I have read this whole discussion in one go. Very
interesting indeed. And I would hope to be able to join in
Bologna in July.
I would like to thank Oriana for her post (which I have
shorten, but kept below).
Here 2 questions for you all that I am asking myself :
1 - We are all discussing here in English. How many
countries in the Mediterranean Rim have English as their
official and/or everyday language ? Gibraltar, I suspect.
And Malta. And ?
Is language a cultural heritage ? Should we preserve them ?
In the inclusive approach of Salvatore, how do we include
the languages ?
How do we "name" the Mediterranean Rim in our different
In French, we can use "bassin méditerranéen", but it is more
used in a climate-physical geography approach. When we want
to talk about the countries and the political-cultural
geo-zone, (migrants crisis and disaster, wars, etc.), we say
"en Méditerranée" ('in' Mediterranean sea), or 'pays de la
Méditerranée' (countries of the Mediterranean sea). Note
that we never use the word "sea", Méditerranée is enough.
So basically, we are describing a "territory" through the
"water-hole" that is in the middle.
2 - Innovation
Some months ago (may be 2 years now, actually ...), I was
reading one of the memoirs submitted to Leonardo Pioneers &
Pathbreakers memoir project. It was describing the process
and researches at Bell Labs in the 60's. (art-ingeneer-science).
Something we recognize now as great period, achievements,
innovation, etc., as a model. The author was describing the
hard struggle they had to convince the bosses that what they
were doing was great job and usefull (although they were
asked somehow to "innovate" and were in a rather "friendly"
environnement where artists were accepted).
That lead me to this question to all the current promoters
of "creativity-innovation" : if you were seeing innovation,
would you recognize it ?
Isn't what we call "innovation" today, just the short term
answer to previous questions (hence all those things that
are made today but look like old SciFi stuff from 20th
Century) and in no manner any long term, or forthcoming
(sorry, missing english to express myself as I would like
to) proposition for tomorow's life ?
Oh, and I don't believe there is such a thing as "raw" data,
because to get "data" you need a "collecting tool" and this
is already a bias ...
Le 23/05/2017 à 00:47, oriana persico a écrit :
> dear Yasminers,
> I always loved the name of this list, but now I can picture it connected to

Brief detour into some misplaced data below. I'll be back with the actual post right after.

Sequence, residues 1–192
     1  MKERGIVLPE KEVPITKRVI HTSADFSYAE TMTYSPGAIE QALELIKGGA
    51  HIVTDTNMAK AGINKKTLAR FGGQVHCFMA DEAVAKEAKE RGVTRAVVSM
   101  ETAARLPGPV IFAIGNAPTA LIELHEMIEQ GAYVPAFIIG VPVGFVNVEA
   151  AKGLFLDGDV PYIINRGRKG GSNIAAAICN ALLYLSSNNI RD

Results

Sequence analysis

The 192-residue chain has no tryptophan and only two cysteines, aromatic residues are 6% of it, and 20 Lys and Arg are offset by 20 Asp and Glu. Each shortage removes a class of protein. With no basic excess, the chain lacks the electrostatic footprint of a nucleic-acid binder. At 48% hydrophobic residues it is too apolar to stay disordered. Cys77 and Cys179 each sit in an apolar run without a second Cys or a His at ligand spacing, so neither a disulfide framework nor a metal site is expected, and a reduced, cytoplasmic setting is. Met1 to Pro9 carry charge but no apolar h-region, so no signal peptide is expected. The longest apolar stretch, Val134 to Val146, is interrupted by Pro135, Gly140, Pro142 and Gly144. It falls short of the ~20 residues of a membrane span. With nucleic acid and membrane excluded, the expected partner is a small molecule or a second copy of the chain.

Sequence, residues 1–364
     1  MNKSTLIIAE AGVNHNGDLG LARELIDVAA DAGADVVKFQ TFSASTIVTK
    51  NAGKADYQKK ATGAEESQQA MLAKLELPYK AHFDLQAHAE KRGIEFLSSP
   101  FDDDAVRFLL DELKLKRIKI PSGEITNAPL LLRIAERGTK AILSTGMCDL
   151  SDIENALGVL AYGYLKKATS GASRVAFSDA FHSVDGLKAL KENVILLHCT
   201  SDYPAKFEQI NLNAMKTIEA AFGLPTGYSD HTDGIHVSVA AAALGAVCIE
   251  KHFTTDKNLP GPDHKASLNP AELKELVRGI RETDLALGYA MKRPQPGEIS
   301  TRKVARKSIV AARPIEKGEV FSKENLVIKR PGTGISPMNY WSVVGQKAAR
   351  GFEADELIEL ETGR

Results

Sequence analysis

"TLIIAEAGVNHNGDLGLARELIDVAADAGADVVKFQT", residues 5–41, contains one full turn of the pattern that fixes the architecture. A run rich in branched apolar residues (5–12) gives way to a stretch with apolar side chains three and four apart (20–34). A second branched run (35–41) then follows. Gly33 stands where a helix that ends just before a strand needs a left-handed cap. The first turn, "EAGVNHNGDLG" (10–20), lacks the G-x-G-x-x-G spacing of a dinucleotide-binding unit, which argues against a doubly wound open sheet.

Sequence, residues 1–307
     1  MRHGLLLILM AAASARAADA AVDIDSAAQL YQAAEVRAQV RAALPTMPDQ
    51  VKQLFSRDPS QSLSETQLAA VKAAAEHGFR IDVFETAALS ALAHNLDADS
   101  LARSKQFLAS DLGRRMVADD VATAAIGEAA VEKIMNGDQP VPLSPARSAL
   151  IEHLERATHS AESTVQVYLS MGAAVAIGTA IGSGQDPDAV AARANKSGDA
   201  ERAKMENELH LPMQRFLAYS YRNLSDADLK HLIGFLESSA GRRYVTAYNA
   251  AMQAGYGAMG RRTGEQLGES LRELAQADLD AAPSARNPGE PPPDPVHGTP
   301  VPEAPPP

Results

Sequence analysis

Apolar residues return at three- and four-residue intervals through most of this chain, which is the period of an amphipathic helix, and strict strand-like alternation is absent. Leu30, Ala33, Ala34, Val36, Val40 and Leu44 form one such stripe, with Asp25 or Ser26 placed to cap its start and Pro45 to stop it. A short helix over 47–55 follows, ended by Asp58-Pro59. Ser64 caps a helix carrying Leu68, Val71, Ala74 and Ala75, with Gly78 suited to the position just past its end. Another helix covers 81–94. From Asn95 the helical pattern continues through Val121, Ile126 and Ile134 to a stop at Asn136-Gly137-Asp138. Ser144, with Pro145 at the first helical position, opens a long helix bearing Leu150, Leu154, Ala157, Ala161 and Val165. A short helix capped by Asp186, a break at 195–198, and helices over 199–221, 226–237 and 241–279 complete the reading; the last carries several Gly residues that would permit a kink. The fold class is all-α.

> the discussion: it allow me to imagine ourselves speaking in an Istanbul
> cafeteria, in Tunisia, in my beloved South of Italy or in Marseille wrapped
> by the same delicate perfume, the Yasmin.
> one thing is sure: there can not be meaningful discussion if one does not
> put things in context.
> right now, talking about geography in the Mediterranean Rim is a sensitive
> political act. define the boundaries of cultural heritage in Mediterranean
> Rim is a sensitive political act: what shall we protect and feed and, most
> important of all, connect with? once we eventually define this geography,
> have those place the same citizenship, the same chance to survive and be
> integral subjects of the conversation? are they this very conversation? if
> not, why? can we bring them in?
> in 2014 I have experienced the precise feeling of a cultural deprivation,
> which allow me to discuss this topic from a personal-not so personal point
> of view.
> In those days Salvatore an I were in Yale for a semester. I was taking
> different classes, among them one about women and autobiography. one book
> was the transcription of a blog written by a young woman from Iraq of my
> exact age (I'm 37 now). She passed to two Iraqi wars, as I did: me watching
> it from television, she under the bombs, desperately searching for water,
> electricity, internet connection - her fading link to the world outside.
> autobiographies are pretty much like conversations: you enter someone else
> life, the part they allow to share in a intimate/public way. in this space
> - speaking with this unknown Iraqi girl - I found my self realizing
> (meaning here "to feel") that Iraq was the Fertile Crescent (la Mezzaluna
> Fertile) I have studied in history since I was a kid. books and teachers
> always told me that this were the roots of our "civilization": from this
> sophisticated people we have learned, among many things, how to build
> beautiful gardens.
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